After Allan and I failed to get into Abkhazia (don’t mention it to him, he may cry), we were ready to get onto the road again. He was heading to Istanbul and I had Cappadocia in my sights. We spent a night in Batumi , Georgia’s Black Sea resort town, and made up our minds to take overnight buses through Turkey the next day.
Over my morning tea I checked the map, and then looked at photographs of some of the towns along Turkey’s northern coast. It seemed such a waste to pass through so fast – and in the dark too. I said as much. Allan and I looked at each other. I suggested we hitch across the border. Allan and I looked at each other. We smiled. And in a flash we changed our plans, scoffed down our breakfast, packed our bags and headed out of town with our thumbs stuck out.
As always, hitching in the city proved difficult and we ended up taking a marshrutka to the border. We took a selfie and joined the queue. No travelling day would be complete without some complications, and we both caused the border police some headaches. Allan needed to buy a visa for Turkey and something was unclear about my passport. Following our charge into the police station I watched him tell the other officers about Allan’s giant moustache – it is the best icebreaker I have encountered on the road.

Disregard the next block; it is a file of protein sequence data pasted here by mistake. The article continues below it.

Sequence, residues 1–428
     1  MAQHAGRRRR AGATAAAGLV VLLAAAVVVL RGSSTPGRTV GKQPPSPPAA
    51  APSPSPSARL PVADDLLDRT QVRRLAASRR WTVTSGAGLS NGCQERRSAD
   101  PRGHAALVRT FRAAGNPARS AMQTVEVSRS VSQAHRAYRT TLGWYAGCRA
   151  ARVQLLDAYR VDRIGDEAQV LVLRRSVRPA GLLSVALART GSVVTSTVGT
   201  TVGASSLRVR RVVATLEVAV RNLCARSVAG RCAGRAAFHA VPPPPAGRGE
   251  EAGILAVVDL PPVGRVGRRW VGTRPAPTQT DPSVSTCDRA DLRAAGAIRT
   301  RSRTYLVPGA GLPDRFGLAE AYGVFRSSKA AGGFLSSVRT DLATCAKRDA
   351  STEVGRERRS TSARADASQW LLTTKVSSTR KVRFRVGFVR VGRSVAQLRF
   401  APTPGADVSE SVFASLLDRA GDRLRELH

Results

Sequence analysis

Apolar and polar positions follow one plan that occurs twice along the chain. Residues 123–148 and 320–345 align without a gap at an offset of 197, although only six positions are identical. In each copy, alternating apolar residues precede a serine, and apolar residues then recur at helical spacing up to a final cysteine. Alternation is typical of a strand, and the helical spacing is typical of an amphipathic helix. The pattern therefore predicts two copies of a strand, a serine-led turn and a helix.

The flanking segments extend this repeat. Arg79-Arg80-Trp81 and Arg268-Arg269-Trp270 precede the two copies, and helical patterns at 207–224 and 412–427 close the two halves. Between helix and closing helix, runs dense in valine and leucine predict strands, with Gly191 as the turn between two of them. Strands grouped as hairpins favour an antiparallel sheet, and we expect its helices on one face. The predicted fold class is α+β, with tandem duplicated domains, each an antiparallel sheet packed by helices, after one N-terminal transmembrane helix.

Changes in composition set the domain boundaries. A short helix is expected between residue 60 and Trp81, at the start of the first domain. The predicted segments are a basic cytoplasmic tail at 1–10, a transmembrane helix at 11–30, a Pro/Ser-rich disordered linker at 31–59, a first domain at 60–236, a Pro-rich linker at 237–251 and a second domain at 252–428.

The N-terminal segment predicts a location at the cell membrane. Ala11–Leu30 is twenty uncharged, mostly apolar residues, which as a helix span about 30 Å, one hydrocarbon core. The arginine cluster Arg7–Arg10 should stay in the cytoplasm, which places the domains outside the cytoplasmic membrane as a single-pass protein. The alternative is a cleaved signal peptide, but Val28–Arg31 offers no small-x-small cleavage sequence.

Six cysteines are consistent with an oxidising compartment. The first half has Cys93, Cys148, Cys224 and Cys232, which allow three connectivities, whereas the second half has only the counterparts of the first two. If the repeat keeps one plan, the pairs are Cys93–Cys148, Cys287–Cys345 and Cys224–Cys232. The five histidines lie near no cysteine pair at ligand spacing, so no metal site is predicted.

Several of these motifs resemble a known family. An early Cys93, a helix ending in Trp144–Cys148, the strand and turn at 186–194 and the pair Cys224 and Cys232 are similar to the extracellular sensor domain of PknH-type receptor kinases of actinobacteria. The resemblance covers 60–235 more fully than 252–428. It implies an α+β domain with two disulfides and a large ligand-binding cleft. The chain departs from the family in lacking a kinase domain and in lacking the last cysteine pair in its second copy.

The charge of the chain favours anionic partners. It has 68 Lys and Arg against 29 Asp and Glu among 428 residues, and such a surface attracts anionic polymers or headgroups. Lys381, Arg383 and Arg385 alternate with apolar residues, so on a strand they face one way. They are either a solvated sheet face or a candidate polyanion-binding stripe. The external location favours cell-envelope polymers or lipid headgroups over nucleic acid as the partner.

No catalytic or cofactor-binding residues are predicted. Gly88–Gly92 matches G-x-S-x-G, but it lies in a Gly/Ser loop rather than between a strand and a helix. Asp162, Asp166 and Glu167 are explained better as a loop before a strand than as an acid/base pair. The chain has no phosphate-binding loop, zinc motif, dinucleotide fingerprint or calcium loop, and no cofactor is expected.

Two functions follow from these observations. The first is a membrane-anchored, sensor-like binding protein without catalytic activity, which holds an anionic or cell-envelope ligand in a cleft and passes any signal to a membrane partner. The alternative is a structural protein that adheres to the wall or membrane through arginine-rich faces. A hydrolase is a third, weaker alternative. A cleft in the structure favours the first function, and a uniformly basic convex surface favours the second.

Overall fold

Visas finally sorted, we crossed the border and found ourselves in the past – Turkey is two hours behind Georgia. We had prepared for a long day of hitching to Trabzon, but we were quickly picked up by a Frenchman driving his bakkie from Georgia all the way to Athens, Greece. Add the smooth, tarred highway to the mix and we were at our destination in only a few hours. This left us with the afternoon to walk around the city where we happened upon this food market among some narrow, hilly streets. I do love markets.